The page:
Barrymore’s eye turned to the low cut gown. “And to think, madam,” he sighed, “that I don’t have to move a step to repay the compliment.“
In 1949 a newspaper in Iowa printed an advertisement from a hardware company that included a version of the anecdote centered on an unnamed “eminent statesman” instead of a doctor or an actor: 8
An eminent statesman attended the unveiling of a bust of himself at a university. A young woman came up to him and said: “I hope you appreciate that I have come 50 miles to see your bust unveiled.” Whereupon the statesman replied: “I would go 1,000 miles to see yours.”
In 1964 a syndicated columnist reported on the comments of Supreme Court Justice Arthur Goldberg who presented a version of the tale featuring union leader Jacob Potofsky: 9
“This reminds me of an unveiling of the bust of my old friend Jake Potofsky of the Amalgamated Clothing Workers,” said Goldberg.
“After the unveiling ceremony a lady, well endowed, rushed up to Potofsky and said, ‘Oh, Mr. Potofsky, I’ve come a hundred miles to see your bust unveiled.‘
“’Madame,’ replied Jake, ‘I’d be glad to do the same for you.’”
In 1980 “Churchill: Speaker of the Century” by James C. Humes reassigned the story and the punchline to Churchill: 10
During a visit by Churchill to Richmond, a memorial sculpture to the wartime prime minister was dedicated. A southern lady of Rubenesque proportions gushed to Churchill when she met him in a receiving line.
“Mr. Churchill, I want you to know I got up at dawn and drove a hundred miles for the unveiling of your bust.”
“Madam,” replied Churchill, gazing at her amply endowed figure, “I want you to know that I would happily reciprocate the honor.”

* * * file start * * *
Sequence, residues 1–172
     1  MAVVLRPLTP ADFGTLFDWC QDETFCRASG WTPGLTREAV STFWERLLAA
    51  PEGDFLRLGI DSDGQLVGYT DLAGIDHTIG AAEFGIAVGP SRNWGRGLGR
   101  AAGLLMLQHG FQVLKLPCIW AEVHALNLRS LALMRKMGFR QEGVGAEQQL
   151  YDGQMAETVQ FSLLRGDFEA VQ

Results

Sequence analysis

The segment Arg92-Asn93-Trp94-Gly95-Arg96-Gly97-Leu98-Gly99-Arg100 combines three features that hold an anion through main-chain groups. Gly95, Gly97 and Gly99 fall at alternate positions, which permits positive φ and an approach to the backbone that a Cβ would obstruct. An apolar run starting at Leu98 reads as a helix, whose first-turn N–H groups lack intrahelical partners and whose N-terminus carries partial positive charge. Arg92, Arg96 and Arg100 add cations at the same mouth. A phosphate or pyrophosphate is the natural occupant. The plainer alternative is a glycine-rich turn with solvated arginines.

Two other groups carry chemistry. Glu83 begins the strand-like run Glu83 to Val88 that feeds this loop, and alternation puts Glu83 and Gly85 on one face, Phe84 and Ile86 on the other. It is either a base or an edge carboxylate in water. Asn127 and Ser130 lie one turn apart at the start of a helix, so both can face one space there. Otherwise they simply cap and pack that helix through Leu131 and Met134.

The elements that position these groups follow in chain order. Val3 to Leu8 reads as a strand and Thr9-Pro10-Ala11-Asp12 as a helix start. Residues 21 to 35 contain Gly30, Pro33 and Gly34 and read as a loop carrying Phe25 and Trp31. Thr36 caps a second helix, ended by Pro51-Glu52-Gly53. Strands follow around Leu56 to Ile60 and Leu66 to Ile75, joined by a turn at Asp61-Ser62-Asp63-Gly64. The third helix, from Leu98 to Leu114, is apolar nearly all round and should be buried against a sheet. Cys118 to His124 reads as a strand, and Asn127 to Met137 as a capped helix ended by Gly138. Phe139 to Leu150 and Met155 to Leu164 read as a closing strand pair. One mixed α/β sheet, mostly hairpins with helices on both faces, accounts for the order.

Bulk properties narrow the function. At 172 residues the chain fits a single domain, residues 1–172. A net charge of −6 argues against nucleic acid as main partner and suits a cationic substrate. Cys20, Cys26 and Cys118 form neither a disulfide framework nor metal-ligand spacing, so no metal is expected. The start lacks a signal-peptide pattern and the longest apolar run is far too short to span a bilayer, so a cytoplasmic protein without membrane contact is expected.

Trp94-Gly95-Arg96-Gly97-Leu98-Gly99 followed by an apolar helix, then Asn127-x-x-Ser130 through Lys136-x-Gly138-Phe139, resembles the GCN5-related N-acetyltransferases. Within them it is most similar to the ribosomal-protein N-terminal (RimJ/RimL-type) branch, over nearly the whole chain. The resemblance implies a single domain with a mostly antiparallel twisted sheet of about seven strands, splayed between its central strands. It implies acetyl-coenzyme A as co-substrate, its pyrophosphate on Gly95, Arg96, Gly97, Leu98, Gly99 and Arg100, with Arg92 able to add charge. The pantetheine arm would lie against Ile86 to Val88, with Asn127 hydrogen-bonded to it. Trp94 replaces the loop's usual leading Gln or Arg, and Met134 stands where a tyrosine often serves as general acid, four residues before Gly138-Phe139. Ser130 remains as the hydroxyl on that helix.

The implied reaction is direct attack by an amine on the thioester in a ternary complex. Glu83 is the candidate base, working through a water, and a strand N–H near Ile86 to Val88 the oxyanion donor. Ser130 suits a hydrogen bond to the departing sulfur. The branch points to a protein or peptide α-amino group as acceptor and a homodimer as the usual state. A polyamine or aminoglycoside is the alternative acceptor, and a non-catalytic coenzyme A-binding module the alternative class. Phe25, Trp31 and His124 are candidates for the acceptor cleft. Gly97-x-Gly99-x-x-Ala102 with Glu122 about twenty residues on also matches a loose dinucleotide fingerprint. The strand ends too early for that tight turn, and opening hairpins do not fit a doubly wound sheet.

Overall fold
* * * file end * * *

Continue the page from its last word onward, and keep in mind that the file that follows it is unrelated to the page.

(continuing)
In conclusion, current evidence indicates that Hugh Hampton Young first presented this anecdote. Its authenticity depends on the veracity of Young. QI conjectures that subsequent variations of the tale were constructed to entertain readers and listeners and are probably fictive.
Image Notes: Image showing an angel and several busts from travelspot at Pixabay.
(Great thanks to the person whose inquiry led QI to formulate this question and perform this exploration. That person wishes to remain anonymous. That person saw the Churchill attribution and disbelieved it.)
- 2013 (Kindle Edition), In His Own Words: Churchill By Himself by Winston S. Churchill, Compiled and edited by Richard M. Langworth, Appendix I: Red Herrings: False Attributions. (Kindle Location 19563) ↩
- 1940, Hugh Young: A Surgeon’s Autobiography by Hugh H. Young, Chapter 29: Bob, Quote Page 509, Harcourt, Brace and Company, New York. (Verified with scans) ↩
- 1942 July, Reader’s Digest, Volume 41, Pert and Pertinent, Quote Page 35, The Reader’s Digest Association, Pleasantville, New York. (Verified with hardcopy) ↩
- 1942 July 24, The Sikeston Standard, (Untitled filler item), Quote Page 4, Column 1, Sikeston, Missouri. (Newspapers_com) ↩
- 1943 December 25, Saturday Review of Literature, Trade Winds by Bennett Cerf, Start Page 16, Quote Page 16, Column 1, Saturday Review Associates, New York. (The original text contained the misspelling “glady” instead of “gladly” (Unz) ↩
- 1944, Try and Stop Me by Bennett Cerf, Quote Page 259, Simon & Schuster, New York. (Verified with hardcopy) ↩
- 1948 February 20, The Brownsville Herald, Famous Fables, Quote Page 4, Column 1, Brownsville, Texas. (Newspapers_com) ↩
- 1949 June 2, The Altoona Herald, Porter Hardware Co. News (Advertisement for Porter Hardware Company of Altoona, Iowa), Quote Page 12, Column 6, Altoona, Iowa. (Newspapers_com) ↩
- 1964 December 29, Winona Daily News, The Washington Merry-Go-Round: Guard-Reserve Merger Backed by Goldwater by Drew Pearson, Quote Page 6, Column 4 and 5, Winona, Minnesota. (Newspapers_com) ↩
- 1980, Churchill: Speaker of the Century by James C. Humes, Appendix II: Escapades and Encounters, Quote Page 292, Stein and Day, Briarcliff Manor, New York. (Verified with scans) ↩